Odessa Close Up

I own a few quality Canon lenses, but 100-400 zoom lens is my favorite. 100-400 is heavy and it needs to be swapped in for something more reasonable often because it only catches a small part of the overall picture. Yes, extreme closeup is a cheesy trick: every object starts looking more significant than it already is when the focus is on it and the background disappears in a soft blur known as “bokeh“. But more often than not I do want to get rid of the clutter and take a closer look at something, to intensely focus on one thing. Sometimes looking at an object zoomed in at 400 you find something new – like a ghostly outline of the old company name hiding behind a new neon sign or a joke left in by the sculptor or notice what is going on on the tops of skyscrapers.

100-400 seems to add a strange, otherworldly glow to things – the glow that I associate with memory.

Here’s a series of closeup photos of my hometown, Odessa. Beware, if you are from there this might cause some serious nostalgia.

The postal boxes were repainted a few times, but are still pretty much the same.

A core sample is the best demonstration for watermelons

But you have to trust the merchant’s sign that the grapes from Tairovo are sweet!sweet!

The dish of my childhood – a tomato salad with tomatoes that taste like tomatoes.

The building in the background is gone, but the old horse chestnut (which is probably a few hundred years old) is still around

Here’s what you do with the leaves of acacia: you rip them off in one motion and hold them tight in your fist. Then you let go in an upward motion and try to catch as many as you can. Then you play age old game of loves me-loves me not with the remaining leaves. Well, at least that what I remember.

Kitteh, as neglected as the city itself voices her complaint.

A pigeon walks around in fallen acacia flowers in front of my hildhood home. I gathered a bunch of these flowers. They still smell like the city that I lost.

These flowers in the park are still the same.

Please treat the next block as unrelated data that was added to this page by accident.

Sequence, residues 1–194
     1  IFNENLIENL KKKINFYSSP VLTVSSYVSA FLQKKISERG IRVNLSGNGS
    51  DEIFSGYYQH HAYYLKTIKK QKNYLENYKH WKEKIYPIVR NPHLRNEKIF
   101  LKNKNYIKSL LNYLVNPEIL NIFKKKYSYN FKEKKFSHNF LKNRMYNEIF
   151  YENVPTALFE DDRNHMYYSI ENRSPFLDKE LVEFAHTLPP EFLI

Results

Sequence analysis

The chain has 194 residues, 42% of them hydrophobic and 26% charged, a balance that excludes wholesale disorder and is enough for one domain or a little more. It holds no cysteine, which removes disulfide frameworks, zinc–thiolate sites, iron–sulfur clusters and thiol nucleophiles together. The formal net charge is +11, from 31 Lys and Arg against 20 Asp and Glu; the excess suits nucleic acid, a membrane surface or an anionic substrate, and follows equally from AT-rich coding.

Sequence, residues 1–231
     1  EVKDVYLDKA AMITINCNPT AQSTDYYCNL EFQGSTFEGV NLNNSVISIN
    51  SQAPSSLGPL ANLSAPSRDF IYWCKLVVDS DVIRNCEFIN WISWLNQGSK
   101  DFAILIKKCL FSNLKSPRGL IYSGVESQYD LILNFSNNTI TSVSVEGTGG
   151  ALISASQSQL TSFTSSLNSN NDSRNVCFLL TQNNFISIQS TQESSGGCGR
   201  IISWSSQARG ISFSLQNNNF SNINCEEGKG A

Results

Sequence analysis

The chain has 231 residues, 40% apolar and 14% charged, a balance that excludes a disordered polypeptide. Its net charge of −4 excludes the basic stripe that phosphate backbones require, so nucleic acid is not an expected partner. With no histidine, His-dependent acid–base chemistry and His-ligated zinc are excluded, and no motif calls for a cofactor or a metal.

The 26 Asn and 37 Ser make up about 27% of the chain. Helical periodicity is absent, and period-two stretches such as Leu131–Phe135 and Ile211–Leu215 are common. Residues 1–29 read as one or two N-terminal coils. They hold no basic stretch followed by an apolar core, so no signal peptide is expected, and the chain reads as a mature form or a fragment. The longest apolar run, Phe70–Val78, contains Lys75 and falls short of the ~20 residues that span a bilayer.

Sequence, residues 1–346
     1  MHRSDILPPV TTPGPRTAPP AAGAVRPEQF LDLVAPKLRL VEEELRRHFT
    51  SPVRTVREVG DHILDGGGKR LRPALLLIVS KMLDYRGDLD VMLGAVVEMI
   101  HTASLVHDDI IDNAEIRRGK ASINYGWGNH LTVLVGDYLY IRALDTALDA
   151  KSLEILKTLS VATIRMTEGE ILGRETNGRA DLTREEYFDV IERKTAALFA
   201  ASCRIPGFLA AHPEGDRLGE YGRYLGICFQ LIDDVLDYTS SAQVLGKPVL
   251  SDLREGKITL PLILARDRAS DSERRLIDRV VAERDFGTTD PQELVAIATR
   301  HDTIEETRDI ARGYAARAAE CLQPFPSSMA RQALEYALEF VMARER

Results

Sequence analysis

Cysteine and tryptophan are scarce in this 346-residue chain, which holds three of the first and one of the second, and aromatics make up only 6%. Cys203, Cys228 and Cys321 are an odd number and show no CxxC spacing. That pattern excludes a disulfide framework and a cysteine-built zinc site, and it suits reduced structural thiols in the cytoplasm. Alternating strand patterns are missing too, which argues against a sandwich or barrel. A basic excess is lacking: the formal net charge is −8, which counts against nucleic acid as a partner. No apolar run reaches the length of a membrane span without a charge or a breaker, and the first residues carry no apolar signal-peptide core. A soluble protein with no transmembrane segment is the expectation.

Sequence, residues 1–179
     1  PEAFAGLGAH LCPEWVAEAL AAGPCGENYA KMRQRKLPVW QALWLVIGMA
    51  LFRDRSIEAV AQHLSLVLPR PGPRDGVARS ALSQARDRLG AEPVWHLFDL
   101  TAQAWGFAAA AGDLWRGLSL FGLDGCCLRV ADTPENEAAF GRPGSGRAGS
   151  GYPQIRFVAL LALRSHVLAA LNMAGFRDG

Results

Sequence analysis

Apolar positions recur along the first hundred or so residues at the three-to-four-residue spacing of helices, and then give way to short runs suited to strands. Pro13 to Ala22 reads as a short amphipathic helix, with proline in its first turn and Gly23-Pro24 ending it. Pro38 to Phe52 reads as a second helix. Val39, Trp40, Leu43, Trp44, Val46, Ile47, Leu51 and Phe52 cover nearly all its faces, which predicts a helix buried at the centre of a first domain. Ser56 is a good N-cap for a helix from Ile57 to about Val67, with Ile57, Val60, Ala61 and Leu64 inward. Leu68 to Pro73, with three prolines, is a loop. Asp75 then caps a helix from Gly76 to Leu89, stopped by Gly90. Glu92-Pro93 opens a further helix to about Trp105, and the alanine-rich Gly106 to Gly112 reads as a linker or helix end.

A terrible piece of tile grafitti sprung on a refined and sophisticated building by its new owners is now covered in even cruder grafitti. Soon the slate will be wiped clean. The act of tiled vandalism always amazed me when I saw it as a kid – it was one of the first hints as to what happened in 1919.

The staircase that leads to the sea at 13th Station of the Big Fountain. If you were brave, you could ride it down, but it lead to more sprains, scrapes, ruined pants and mis. injuries than I care to remember. Yet few kids could pass by the opportunity to ride it down.

Seemingly indestructable electrical poles are surprisingly free of ads, but they must have carried more of them than many newspapers.

Pushkin’s fish is still spitting into the fountain basin full of coins left by tourists.

Corn on the cob at the beach is as spectacular as ever

A remnant of a communal flat: after the Soviets kicked out and mostly shot the old tenants, what is known in New York as a “classic 5“, a spacious one family apartment became a 5 family apartment. The communal spirit was not complete though – all 5 bells would have been connected to separate electricity meters.

These sturdy cast iron garbage urns might be pre-revolutionary in origin. They always reminded me of the Pushkin monument and the drinking fountain in the park (which I’ll cover further down).

Mercury from the City Hall building stares blankly

The iron fence of the old synagogue reminds me the fence in front of a church on 5th Avenue.

This is where I would jump off almost every time when visiting the park

Bullheads!

The laurel crown of Odessa’s beloved founder, Armand-Emmanuel de Vignerot du Plessis, Duc de Richelieu, looked like a kangol-style hat to me when I was little. I guess it still does.

Poor old lion dragged from somebody’s pre-revolutionary dacha to “the old Odessa corner”. I sat on this beast many a time for a photo, and so did probably millions of locals and tourists.

They still use homemade brooms – I’m sure these are superior to synthetic-bristled ones. At the very least they must be cheaper.

Wild grapes are in every other courtyard. They are extremely sour when green, but rarely survive into maturity.

This Atlas always amused me because unlike other classical atlases he wore a working man’s belt. He is in a very bad way.

This lion appears on dozens of buildings. I guess it was on sale two centuries ago.

It’s pretty hard to destroy ironwork.

I bet Alexander Pushkin tied his horses to this thing. Or something. It was good for jumping on and off it.

These trashcans were all over the place when I was a kid – I only found one in the back of a courtyard.

I bet this kid with a cournucopia (or just a bouquet) of flowers had a wingwang at some point.

A piece of Soviet sculptural impotence is still memorable to me for some reason. I think it’s supposed to sybolize basketball. Or the last drop of patience or something.

The crown of one of the last remaining cast iron ad pillars

There were a few of these things all over the city. As a kid I was told that these were for sampling gas – I remember trying to smell it at some point.